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LCST 2000: FEMINIST SCREEN THEORY—Fall 2007

Instructor:
Dr. Orit Halpern
History Department
80 Fifth Avenue, 5th Floor
Room 507
e:HalpernO@newschool.edu
Office Hours: Tuesday/Wednesday 10-11AM/4-5:30PM
(please sign up/e-mail beforehand)


INTRODUCTION:

What is the relationship between feminism and the screen? This course will be a preliminary investigation of this question. Wewill inquire into what feminism can offer our imagination of media technologies and practices. And how feminist practice informs, contests, and re-creates the interface.

This is a journey that will take us from the history of medicine to Hollywood, to the digital age, in the search for the nature of the image, and the history of gender.

As a result, this course will prepare students foradvanced work in media studies, history, and science studies. We will also emphasize the close relationship between concepts and practices, interrogating both together.

This course should appeal to students interested in media studies, feminism, and science technology studies.

REQUIREMENTS:
Class attendance and participation will comprise 20% of you grade.

There will be one 5-7 page, doublespaced, essays responding to themes in the class, that will comprise 30% of your grade.

One final project (a 10-15 page paper or its equivalent) including a classroom presentation. This will comprise 50% of your grade.
The project will entail choosing a visual artifact and discussing it in relation to the dominant themes of the course.

TEXTS:
Sue Thornham, Feminist Film Theory: AReader, Sue Thronham, ed. (New York: NYU Press, 2006)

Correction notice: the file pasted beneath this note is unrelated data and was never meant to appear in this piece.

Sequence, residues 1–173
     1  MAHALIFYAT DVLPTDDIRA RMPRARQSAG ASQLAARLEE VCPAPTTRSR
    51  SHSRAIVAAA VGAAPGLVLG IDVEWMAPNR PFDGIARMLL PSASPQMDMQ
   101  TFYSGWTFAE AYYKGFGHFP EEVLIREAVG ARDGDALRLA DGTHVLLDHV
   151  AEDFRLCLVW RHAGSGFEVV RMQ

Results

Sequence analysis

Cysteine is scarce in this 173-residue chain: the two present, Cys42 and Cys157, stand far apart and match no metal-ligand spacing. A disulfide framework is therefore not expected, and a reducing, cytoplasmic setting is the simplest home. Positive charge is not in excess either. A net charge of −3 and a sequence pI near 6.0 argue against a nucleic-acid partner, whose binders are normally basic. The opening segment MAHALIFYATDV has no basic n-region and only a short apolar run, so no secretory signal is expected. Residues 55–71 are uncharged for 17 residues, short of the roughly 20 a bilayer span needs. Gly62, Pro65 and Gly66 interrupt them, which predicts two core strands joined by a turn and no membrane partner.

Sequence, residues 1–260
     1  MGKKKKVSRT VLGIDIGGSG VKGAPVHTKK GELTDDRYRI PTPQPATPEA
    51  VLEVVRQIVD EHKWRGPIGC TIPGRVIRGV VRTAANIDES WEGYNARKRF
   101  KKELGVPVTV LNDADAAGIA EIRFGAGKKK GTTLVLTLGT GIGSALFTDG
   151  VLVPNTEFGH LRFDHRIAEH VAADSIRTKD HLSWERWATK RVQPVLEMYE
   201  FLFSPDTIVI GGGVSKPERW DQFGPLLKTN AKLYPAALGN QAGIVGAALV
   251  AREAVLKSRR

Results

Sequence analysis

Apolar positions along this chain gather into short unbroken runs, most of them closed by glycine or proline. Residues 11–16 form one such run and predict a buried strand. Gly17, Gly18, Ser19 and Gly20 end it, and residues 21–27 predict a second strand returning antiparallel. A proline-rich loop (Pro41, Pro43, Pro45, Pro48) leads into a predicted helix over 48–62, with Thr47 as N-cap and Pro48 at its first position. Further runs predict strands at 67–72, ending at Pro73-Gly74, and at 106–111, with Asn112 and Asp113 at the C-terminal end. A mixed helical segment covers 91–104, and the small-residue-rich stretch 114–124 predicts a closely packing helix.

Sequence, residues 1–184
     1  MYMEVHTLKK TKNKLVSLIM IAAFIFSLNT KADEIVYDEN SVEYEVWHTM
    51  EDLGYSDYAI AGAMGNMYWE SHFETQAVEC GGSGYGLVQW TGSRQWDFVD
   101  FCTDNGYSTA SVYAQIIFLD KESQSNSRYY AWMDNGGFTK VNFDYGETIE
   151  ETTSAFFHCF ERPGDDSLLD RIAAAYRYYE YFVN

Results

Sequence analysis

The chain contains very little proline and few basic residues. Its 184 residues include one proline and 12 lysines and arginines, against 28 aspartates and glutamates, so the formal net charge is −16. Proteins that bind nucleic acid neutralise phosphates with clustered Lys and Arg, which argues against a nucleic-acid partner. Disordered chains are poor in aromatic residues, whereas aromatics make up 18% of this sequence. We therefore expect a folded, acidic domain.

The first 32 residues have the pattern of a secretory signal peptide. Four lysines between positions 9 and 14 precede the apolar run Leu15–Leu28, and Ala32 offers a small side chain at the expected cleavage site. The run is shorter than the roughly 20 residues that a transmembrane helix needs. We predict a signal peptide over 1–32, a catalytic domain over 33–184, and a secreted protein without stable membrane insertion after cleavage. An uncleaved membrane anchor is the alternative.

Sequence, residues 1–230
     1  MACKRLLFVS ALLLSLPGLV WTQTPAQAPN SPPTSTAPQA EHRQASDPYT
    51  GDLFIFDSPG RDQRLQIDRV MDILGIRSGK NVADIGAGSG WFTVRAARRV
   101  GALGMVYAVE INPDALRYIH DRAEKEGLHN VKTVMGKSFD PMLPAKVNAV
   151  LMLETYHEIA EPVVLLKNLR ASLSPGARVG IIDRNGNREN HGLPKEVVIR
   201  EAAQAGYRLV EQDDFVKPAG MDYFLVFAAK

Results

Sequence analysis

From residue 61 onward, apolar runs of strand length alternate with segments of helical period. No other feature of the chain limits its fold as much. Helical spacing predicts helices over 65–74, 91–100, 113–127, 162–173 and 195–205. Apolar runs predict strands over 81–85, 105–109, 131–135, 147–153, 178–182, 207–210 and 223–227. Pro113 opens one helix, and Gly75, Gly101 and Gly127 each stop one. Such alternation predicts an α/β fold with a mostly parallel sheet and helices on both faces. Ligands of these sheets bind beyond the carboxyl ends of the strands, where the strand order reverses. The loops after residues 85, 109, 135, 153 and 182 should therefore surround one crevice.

Peter Gay, ed. The Freud Reader, [New York:W.W. Norton and Company, 1995).
Donna Haraway, Primate Visions: Gender, Race, and Nature in the World of Modern Science, (New York: Routledge,1989
Trinh-T. Minh Ha, Woman, Native, Other, (Bloomington: Indiana University Press, 1989)
Lisa Cartwright, Screening the Body: Tracing Medicine’s VisualCulture, (Minneapolis: University of Minnesota Press, 1995)
Georges Didi-Huberman: Invention of Hysteria: Charcot and the Photographic Iconography of the Salpêtrière , (Cambridge: MIT Press, 2003)



Feminist Screen Theory


INTRODUCTION: Theory is a practice
What is a screen? And what might feminism offer this question?


HISTORY

WEEK 1: Surveillance
9/6 Lisa Cartwright: Screeningthe Body: Tracing Medicine’s Visual Culture
Introduction
Chapter 1-2,pp.1-47.

The Body and the Archive
Allan Sekula
October, Vol. 39 (Winter, 1986), pp. 3-64 [on-line]

Week 2: Surveillance (cont.)

9/11 Georges Didi-Huberman: Invention of Hysteria: Charcot and the Photographic Iconography of the Salpêtrière
Section I: Spectacular Evidence, pp.1-66, also read the “argument”, xi, xii.Chapter 7: Repetition, Rehearsals, Staging , pp.175-257


Please check out these movies
Screenings early cinema clips/ Archives Library of Congress [on-line]

http://memory.loc.gov/ammem/edhtml/edshift.html
http://memory.loc.gov/ammem/awhhtml/awmi10/index.html


9/13 NO CLASS—but we will discuss these readings in the coming week
Cartwright, Chapter 3,6

SUPPLEMENTARY
Cartwright,Chapter 5







WEEK 3-Pscyhe

9/18
Looking and Listening: The Construction of Clinical Knowledge in Charcot and Freud, Daphne de Marneffe, Signs Vol. 17, No. 1 (Autumn, 1991), pp. 71-111 [on-line]

Selections from The Interpretation of Dreams, in The Freud Reader

mini-assignment: submit a one page paper with your reflections on Freud. Pick statements, sentences, or ideas that struckor confused you and we will discuss them in class.

9/20
Screen Memories in The Freud Reader

Selections from Three Essays on Sexuality, Sigmund Freud, in The Freud Reader, Peter Gay, ed. [New York:W.W. Norton and Company, 1995).

Selections from The Case of Dora, The Freud Reader

WEEK 4: Screen-Memories—Returning to Freud

9/25

continue discussion of Freud

Jacqueline Rose,...
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